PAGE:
We May Not Be Able To Prevent This

What image comes to your mind when you hear the word “Texas”?  Do you see cowboys and old Westerns?  Do you see Ted Cruz boarding a plane to Mexico while over half of his constituents were sitting in the dark without heat or water?  Perhaps you see a stadium full of COVID deniers watching their baseball team lose their home opener.  When I think of Texas I think of millions of uninsured Americans and a State government that not only doesn’t care about its citizens, but for some unexplained reason, feels compelled to drag the rest of the country down to their citizen’s level of health care insecurity.

This blog has extensively covered the Texas Lawsuit, the effort by the Attorney General of Texas, a number of other Republican Attorneys of State, and the previous administration to declare the Patient Protection and Affordable Care Act (Obamacare) unconstitutional.  That case was argued before the US Supreme Court last November.  We should have a decision soon.  But one attempt to disrupt the country’s health insurance is not enough.

Preventive Care

Chances are that your health insurance coverage includes Preventive Care.  Preventive Care is defined by HealthCare.gov as “Routine health care that includes screenings, check-ups, and patient counseling to prevent illnesses, disease, or other health problems.”  The goal is to keep Americans healthy, to prevent certain illnesses or to catch those medical conditions at an early stage which might improve the odds of a positive outcome.  The benefit was designed to be provided at no charge to the patient.  And the list of covered services is extensive.  As this article from Kaiser Health News notes, “These changes have made it more affordable for Americans to get a wide range of services, such as cancer screenings, contraception, HIV prevention drugs, vaccines, tobacco cessation treatment, alcohol abuse counseling and domestic violence counseling.”

The same article quotes Tim Jost, a retired Washington & Lee University Law Professor.

“It’s billions and billions of dollars of services that Americans get every year, not just from ACA health plans but also from employer plans. If this benefit ends, it would mean a lot of people would forgo preventive services and end up with much worse medical problems.”

It works!  Free access to preventive care is allowing some Americans to get annual physicals, vaccines, and have a chance to get/stay healthy.  That would appear to run counter to the Texas model.  The lead plaintiff, Dr. John Kelley, is a Fort Worth, Texas orthodontist.  He and a small group of others have sued to eliminate the Preventive Care benefit from the PPACA.  Their suit appears to have been motivated, in large part, by the inclusion of contraception and HIV prevention drugs within the definition of Preventive Care.  Birth Control has had a significant impact on the PPACA.  It is not a coincidence that this case landed in the court of Judge Reed O’Connor, the judge who has previously ruled that the entire Patient Protection and Affordable Care Act should be dismantled.  Though Judge O’Connor’s decisions have been mocked by legal scholars on the Right and the Left, he is a federal judge, appointed for life, and capable of doing untold harm.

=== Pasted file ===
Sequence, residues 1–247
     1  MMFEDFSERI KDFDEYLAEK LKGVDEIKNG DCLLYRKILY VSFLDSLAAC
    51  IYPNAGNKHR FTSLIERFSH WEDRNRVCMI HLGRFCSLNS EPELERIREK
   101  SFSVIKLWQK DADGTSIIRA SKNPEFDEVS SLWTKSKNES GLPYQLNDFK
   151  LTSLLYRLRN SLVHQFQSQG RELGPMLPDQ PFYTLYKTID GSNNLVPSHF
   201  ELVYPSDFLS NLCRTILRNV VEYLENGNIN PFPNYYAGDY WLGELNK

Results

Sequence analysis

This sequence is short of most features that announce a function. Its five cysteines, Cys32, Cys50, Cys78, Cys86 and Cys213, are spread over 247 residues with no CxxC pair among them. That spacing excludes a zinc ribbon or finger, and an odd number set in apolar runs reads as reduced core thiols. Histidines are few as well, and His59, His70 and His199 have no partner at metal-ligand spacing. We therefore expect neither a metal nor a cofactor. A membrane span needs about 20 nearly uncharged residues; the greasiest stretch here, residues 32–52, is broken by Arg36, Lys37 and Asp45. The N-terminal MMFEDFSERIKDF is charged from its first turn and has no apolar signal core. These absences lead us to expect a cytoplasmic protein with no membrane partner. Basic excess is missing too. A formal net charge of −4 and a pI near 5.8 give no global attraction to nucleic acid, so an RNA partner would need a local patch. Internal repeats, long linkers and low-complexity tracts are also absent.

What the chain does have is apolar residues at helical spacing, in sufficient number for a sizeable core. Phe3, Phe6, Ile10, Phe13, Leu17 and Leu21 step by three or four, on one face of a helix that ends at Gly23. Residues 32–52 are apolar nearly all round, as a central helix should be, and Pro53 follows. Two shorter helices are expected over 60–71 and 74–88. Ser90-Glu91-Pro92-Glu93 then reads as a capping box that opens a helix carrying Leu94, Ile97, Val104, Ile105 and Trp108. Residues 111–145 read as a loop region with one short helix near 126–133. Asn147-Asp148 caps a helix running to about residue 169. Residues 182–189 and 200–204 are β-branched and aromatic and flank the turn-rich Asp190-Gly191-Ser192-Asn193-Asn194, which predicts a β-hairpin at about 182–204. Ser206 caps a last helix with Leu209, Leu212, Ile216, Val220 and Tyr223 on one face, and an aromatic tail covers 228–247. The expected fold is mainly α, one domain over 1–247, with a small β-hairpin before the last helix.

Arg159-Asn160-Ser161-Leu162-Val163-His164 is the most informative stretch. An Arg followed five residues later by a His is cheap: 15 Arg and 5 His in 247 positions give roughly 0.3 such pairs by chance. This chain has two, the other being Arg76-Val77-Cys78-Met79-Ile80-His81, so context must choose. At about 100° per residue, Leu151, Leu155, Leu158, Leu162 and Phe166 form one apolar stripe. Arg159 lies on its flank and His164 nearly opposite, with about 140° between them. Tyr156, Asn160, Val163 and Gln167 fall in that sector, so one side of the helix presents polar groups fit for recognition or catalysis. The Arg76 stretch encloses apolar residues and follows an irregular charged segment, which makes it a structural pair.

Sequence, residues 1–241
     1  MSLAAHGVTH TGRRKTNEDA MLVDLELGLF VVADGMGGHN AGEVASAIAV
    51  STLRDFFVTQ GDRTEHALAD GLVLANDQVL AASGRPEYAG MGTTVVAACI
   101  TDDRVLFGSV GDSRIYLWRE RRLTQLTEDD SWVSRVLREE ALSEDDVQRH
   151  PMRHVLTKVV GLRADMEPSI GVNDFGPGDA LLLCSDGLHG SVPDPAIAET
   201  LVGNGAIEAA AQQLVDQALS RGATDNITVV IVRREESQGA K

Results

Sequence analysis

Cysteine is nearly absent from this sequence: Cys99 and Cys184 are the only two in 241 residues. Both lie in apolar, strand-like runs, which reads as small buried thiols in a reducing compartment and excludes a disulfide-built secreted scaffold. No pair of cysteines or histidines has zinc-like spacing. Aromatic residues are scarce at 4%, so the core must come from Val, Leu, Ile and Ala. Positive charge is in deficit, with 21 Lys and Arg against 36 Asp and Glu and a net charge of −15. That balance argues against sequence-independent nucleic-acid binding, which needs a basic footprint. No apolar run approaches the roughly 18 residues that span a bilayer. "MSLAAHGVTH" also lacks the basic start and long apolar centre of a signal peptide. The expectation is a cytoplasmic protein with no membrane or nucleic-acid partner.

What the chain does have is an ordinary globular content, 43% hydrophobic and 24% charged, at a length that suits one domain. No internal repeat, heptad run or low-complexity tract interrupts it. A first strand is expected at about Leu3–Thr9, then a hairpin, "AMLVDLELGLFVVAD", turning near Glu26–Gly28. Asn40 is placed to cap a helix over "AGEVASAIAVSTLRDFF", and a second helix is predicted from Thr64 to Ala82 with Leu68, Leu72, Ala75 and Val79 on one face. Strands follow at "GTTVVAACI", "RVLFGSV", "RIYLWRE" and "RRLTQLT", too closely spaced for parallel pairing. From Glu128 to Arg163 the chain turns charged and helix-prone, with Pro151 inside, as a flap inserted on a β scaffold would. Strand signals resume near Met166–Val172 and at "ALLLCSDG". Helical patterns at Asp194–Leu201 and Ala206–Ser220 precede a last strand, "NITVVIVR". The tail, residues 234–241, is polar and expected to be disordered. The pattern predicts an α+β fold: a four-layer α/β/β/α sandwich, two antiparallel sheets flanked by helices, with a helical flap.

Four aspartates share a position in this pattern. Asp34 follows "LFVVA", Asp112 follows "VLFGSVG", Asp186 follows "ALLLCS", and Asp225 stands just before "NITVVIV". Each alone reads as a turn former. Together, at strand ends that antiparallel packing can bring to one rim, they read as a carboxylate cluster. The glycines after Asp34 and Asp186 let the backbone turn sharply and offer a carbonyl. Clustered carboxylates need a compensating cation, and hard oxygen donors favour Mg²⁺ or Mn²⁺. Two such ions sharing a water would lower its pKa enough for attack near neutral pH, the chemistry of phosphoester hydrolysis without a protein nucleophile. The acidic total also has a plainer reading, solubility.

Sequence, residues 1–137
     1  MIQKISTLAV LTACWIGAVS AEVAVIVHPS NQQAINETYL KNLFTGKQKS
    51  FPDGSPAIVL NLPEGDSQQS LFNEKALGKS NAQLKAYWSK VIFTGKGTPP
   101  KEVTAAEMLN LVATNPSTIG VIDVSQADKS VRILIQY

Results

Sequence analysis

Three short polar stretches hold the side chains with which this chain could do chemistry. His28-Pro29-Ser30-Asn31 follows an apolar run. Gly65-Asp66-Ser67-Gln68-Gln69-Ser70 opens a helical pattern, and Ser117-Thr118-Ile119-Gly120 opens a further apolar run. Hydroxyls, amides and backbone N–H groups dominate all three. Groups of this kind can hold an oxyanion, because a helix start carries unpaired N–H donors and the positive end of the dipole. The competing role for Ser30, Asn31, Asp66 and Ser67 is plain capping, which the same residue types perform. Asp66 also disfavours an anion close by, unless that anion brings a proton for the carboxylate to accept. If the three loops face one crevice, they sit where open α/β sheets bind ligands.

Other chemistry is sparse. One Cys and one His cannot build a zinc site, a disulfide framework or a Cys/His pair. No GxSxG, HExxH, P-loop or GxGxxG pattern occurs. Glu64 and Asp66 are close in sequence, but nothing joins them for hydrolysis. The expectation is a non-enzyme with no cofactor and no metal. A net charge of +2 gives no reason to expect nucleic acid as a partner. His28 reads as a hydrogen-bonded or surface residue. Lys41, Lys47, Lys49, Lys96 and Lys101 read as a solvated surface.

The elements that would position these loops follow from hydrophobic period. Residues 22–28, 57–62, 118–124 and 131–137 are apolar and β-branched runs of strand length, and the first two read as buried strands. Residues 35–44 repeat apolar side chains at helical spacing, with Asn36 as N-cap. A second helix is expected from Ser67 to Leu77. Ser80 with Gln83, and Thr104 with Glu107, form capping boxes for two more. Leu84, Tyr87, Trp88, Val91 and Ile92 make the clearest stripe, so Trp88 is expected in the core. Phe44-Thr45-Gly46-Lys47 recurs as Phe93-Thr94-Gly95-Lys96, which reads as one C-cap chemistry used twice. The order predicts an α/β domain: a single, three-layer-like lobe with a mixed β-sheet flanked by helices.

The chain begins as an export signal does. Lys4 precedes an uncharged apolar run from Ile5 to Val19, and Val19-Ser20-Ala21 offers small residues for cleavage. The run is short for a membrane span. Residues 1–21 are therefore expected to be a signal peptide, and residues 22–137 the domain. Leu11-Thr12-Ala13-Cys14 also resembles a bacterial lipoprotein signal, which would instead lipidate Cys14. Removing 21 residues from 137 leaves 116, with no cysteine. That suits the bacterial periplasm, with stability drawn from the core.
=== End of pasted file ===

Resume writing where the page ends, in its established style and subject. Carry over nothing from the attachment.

The PPACA was signed into law 11 years ago.  Since then it has withstood over 50 votes in Congress, most designed not to overturn the law but to empty the pockets of potential campaign supporters. (Yes, the initial bill in January 2011 really was “H.R.2 – 112th Congress (2011-2012): Repealing the Job-Killing Health Care Law Act”.  This was not serious legislation.)  The law has also been upheld by the Supreme Court. Twice!  The new strategy is to pick away at the law by filing lawsuits in “friendly” courts.  And no court is as friendly as Reed O’Connor’s when it comes to limiting your access to coverage.

It would appear that Texas seeks to infect our insurance, the way most Americans access and pay for health care.  We might not be able to prevent that.



Picture – The Texas Option – David L Cunix

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